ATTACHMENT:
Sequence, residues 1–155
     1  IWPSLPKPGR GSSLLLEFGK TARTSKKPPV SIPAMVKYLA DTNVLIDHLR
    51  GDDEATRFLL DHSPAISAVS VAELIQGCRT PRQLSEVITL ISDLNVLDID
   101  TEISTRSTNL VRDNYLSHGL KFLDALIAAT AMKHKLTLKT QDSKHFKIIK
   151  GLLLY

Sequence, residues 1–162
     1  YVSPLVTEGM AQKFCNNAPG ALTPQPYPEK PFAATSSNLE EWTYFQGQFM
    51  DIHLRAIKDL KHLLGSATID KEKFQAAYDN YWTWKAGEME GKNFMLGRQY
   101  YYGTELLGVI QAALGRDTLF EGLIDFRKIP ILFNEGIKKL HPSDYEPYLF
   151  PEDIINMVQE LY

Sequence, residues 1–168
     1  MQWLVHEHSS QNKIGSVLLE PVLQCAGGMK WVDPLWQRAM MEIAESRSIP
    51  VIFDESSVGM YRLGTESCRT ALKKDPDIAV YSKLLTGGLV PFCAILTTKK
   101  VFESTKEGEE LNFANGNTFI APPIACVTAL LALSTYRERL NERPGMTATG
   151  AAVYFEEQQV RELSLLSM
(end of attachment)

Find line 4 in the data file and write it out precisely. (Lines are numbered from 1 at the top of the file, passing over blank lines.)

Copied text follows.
   101  TEISTRSTNL VRDNYLSHGL KFLDALIAAT AMKHKLTLKT QDSKHFKIIK